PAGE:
The Book Pregnant Earth Mother The Book

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Known About Fluoride
  Upper Intake Level
  Toothpaste Warning
  Interferes with Brain
  Fetal Vulnerability
  Neurotoxicity

Needs to Be Known
  Amniotic Fluid
  Crazy Advice
  Fluoride Drugs
  Premature Birth
  Infant Mortality
  Life Decay

Fluoridation 'Science'
  Endorsementality
  Bogus Sales Pitch
  CDC's Irrationale
  EPA's Pollutant
  PHS's Debunkery

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Memes to Use


Fluoridated Amniotic Fluid

Fluoride's antibacterial effects in the fetal GI tract
may affect neurological and immunological development.

Contaminating Our Most Precious Bodily Fluid

When a baby in the womb swallows fluoride in amniotic fluid (up to 15 oz per day), this not only increases fluoride levels in it's bloodstream, but fluoride's antibacterial effects are a serious concern for the developing microbiome: by disrupting colonization and composition of bacteria in the fetal GI tract.

Fluoride Weakens Bacterial Adhesion Forces
In 2013, a key antimicrobial mechanism of fluoride was identified by researchers in experimental physics at Saarland University in Germany. Using artificial tooth surfaces (hydroxyapatite pellets), they tested fluoride's effect on the adhesion forces of cariogenic bacteria (Streptococcus mutans and Streptococcus oralis) and a non-pathogenic bacterium (Staphylococcus carnosus).

After exposure to fluoride, atomic force microscopy revealed that all three bacteria species exhibited lower adhesion forces. Because fluoride makes bacteria less able to stick to teeth, decay-causing microorganisms are more easily washed away by saliva or brushing. The researchers said, "Fluoride appears to weaken bacterial adhesion forces in general."

Loskill P, Zeitz C, Grandthyll S, et al. Reduced adhesion of oral bacteria on hydroxyapatite by fluoride treatment. Langmuir. 2013 May 7;29(18):5528-33.

Weiss J. After 50 years scientists gain clues how fluoride actually protects teeth. Medical Daily. May 1, 2013.

As explored in Pregnancy and Fluoride Do Not Mix (read excerpt), weakened bacterial adhesion forces may affect the colonization and composition of bacteria in the fetal GI tract, and consequently, neurological and immunological development.

In fact, a primary reason why pregnant women are encouraged to consume fluoridated water is to help "delay colonisation of the infant oral cavity by cariogenic bacteria," as noted by New Zealand's Chief Science Advisor in his 2014 review discussed here:

"Half the truth is often a great lie." – Benjamin Franklin

Half the truth: "The effect of maternal intake on fluoride concentration in the amniotic fluid and fetal blood does not vary between intakes of 0.25 and 1.0 mg/day." – New Zealand's Chief Science Advisor

Health Effects of Water Fluoridation: a Review of the Scientific Evidence. A report on behalf of the Royal Society of New Zealand and the Office of the Prime Minister's Chief Science Advisor [Sir Peter Gluckman]. August 2014. Page 29/Reference 57.**

This is a great lie, because the other half of the truth in Reference 57 was omitted: The fluoride concentration in amniotic fluid was significantly higher when maternal fluoride intake was 1.25 mg/day.

Right after recommending pregnant women consume 3 mg of fluoride per day (page 29), the Chief Science Advisor fails to mention that women who consumed less than half that amount had significantly higher levels of fluoride in their amniotic fluid.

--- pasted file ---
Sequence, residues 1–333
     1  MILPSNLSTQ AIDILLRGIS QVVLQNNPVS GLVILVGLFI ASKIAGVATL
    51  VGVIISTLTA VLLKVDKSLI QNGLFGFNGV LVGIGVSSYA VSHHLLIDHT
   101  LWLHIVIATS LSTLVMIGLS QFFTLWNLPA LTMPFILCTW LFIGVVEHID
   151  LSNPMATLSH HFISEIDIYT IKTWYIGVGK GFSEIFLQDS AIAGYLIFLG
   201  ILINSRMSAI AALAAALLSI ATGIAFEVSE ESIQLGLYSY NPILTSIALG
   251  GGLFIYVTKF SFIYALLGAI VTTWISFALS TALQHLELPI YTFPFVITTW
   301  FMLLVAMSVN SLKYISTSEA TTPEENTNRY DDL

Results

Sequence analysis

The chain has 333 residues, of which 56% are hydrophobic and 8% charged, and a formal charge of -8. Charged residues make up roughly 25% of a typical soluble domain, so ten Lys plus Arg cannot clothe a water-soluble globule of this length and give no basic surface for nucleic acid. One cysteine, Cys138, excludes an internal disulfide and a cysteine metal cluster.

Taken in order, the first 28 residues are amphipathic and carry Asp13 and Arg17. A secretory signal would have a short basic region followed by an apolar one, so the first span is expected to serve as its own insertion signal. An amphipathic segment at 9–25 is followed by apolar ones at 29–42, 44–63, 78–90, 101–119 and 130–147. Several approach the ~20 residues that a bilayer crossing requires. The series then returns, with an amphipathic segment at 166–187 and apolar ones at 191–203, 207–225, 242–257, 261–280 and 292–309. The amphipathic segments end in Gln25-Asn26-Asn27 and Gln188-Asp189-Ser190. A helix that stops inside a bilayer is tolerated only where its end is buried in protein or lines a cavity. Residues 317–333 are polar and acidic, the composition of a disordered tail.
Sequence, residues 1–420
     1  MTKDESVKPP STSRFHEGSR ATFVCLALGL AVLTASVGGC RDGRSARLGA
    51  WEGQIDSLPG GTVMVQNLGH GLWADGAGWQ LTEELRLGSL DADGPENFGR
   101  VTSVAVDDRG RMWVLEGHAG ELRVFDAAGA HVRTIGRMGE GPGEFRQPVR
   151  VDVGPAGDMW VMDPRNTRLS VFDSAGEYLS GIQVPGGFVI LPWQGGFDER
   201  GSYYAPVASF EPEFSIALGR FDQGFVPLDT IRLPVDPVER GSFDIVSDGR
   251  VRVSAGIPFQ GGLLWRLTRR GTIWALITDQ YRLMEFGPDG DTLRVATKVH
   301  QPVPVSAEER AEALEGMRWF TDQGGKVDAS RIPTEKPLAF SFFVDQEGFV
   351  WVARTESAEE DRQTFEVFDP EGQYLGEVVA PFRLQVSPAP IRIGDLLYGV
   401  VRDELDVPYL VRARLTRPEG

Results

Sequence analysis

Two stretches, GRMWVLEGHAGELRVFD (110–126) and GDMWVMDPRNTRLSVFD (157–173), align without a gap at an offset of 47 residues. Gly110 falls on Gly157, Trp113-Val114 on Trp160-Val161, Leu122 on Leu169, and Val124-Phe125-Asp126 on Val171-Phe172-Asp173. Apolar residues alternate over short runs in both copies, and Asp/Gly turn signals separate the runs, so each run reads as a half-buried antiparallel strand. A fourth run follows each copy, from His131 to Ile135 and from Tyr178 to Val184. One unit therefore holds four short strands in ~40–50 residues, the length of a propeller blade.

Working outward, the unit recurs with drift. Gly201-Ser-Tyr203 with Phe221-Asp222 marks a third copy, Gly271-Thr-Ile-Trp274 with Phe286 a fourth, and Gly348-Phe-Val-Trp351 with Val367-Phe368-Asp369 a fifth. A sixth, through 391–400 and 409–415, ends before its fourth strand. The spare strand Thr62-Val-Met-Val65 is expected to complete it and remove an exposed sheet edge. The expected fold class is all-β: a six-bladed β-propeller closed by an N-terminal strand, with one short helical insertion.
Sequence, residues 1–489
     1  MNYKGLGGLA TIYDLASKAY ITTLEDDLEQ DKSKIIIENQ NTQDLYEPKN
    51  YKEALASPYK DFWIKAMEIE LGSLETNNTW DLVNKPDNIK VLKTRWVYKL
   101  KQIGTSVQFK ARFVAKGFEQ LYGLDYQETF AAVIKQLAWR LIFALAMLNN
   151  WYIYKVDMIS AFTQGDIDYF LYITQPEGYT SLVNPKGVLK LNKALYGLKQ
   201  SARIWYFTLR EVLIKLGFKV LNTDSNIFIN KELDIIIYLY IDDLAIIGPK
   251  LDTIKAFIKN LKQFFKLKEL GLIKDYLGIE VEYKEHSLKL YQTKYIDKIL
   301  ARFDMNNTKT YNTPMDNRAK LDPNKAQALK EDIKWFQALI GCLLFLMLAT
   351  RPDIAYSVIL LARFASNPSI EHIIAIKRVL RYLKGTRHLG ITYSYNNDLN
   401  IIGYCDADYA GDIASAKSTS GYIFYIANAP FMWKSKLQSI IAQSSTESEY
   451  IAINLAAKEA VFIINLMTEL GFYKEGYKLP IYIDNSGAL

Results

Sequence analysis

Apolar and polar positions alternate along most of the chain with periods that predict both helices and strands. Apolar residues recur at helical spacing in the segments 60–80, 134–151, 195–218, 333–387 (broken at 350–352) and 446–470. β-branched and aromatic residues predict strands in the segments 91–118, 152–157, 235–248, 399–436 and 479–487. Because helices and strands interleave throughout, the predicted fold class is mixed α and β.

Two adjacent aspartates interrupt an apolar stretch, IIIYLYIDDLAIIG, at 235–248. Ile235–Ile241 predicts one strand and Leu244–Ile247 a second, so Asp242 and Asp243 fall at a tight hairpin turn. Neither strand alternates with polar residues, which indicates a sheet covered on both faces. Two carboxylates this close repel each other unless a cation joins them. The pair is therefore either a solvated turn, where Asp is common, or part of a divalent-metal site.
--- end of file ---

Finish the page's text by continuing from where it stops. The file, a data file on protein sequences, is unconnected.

**Reference 57:
Brambilla, E., et al., Oral administration of fluoride in pregnant women, and the relation between concentration in maternal plasma and in amniotic fluid. Arch Oral Biol, 1994. 39(11): p. 991–994.

Abstract: The aim was to measure the ionic fluoride concentration in maternal plasma and in amniotic fluid after oral administration of different doses of sodium fluoride (NaF) to 121 pregnant women. They were divided into six groups, according to the dose administered; 0 for the control group and 0.25, 0.50, 0.75, 1.00 or 1.25 mg of F- for the others. The subjects were instructed to take the corresponding NaF dose both 24 and 3 h before amniocentesis. Amniotic fluid (5 ml) and venous blood (5 ml) were obtained from each subject. Ionic fluoride concentration was measured with an expanded-scale potentiometer and a selective fluoride electrode.

The results showed that F- concentration in amniotic fluid and, presumably, in fetal circulation, was not significantly different in groups taking 0.25, 0.50, 0.75 or 1.00 mg/day of F-. The F- concentration in amniotic fluid of the 1.25 mg/day group was, however, significantly higher than in all the other groups.

The New Zealand reviewers also distorted data when they claimed: "The effect of maternal intake on fluoride concentration in... fetal blood does not vary between intakes of 0.25 and 1.0 mg/day."

In contrast, Brambilla et. al said: "Fluoride concentration in amniotic fluid and, presumably, in fetal circulation, was not significantly different in groups taking 0.25, 0.50, 0.75 or 1.00 mg/day of fluoride."

The reviewers' contradict themselves earlier in the same paragraph: "Fluoride levels in cord blood reach, on average, 87% (~60-90%) of those in maternal blood."

It is also contradicted by respected sources the New Zealand reviewers cited several times:

Even more troubling: Research shows that fluoride levels in fetal blood can be more than twice as high as cord blood and 25% higher than maternal levels (Shimonovitz et al. 1995). This can happen because fetal swallowing of fluoride in amniotic fluid is absorbed into fetal circulation, as alcohol is (Burd et al. 2012; Brien et al. 1983) – as discussed in:

Pregnancy and Fluoride Do Not Mix, pages 54-55:
Fetuses Exceed Tolerable Upper Intake Level of Fluoride